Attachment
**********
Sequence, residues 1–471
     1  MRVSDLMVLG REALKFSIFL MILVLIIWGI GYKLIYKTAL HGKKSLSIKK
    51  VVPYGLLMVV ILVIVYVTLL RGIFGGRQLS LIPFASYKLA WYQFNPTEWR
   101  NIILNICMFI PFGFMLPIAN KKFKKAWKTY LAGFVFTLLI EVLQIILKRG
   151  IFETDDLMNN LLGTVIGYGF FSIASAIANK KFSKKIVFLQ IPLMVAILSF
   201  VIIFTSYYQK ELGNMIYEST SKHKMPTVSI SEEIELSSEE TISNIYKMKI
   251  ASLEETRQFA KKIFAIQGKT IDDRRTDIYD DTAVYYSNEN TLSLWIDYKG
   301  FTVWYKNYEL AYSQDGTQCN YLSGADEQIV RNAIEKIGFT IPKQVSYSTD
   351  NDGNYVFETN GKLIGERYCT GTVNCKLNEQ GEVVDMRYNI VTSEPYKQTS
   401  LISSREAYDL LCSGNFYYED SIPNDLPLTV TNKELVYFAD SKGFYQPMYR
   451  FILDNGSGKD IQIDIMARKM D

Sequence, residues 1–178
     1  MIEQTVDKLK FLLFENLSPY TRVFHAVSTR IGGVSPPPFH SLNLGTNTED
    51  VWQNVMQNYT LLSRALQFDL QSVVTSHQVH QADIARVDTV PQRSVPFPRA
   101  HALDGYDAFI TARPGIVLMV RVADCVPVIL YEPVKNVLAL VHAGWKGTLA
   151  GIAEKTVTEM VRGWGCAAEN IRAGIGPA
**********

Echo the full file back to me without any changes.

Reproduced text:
Sequence, residues 1–471
     1  MRVSDLMVLG REALKFSIFL MILVLIIWGI GYKLIYKTAL HGKKSLSIKK
    51  VVPYGLLMVV ILVIVYVTLL RGIFGGRQLS LIPFASYKLA WYQFNPTEWR
   101  NIILNICMFI PFGFMLPIAN KKFKKAWKTY LAGFVFTLLI EVLQIILKRG
   151  IFETDDLMNN LLGTVIGYGF FSIASAIANK KFSKKIVFLQ IPLMVAILSF
   201  VIIFTSYYQK ELGNMIYEST SKHKMPTVSI SEEIELSSEE TISNIYKMKI
   251  ASLEETRQFA KKIFAIQGKT IDDRRTDIYD DTAVYYSNEN TLSLWIDYKG
   301  FTVWYKNYEL AYSQDGTQCN YLSGADEQIV RNAIEKIGFT IPKQVSYSTD
   351  NDGNYVFETN GKLIGERYCT GTVNCKLNEQ GEVVDMRYNI VTSEPYKQTS
   401  LISSREAYDL LCSGNFYYED SIPNDLPLTV TNKELVYFAD SKGFYQPMYR
   451  FILDNGSGKD IQIDIMARKM D

Sequence, residues 1–178
     1  MIEQTVDKLK FLLFENLSPY TRVFHAVSTR IGGVSPPPFH SLNLGTNTED
    51  VWQNVMQNYT LLSRALQFDL QSVVTSHQVH QADIARVDTV PQRSVPFPRA
   101  HALDGYDAFI TARPGIVLMV RVADCVPVIL YEPVKNVLAL VHAGWKGTLA
   151  GIAEKTVTEM VRGWGCAAEN IRAGIGPA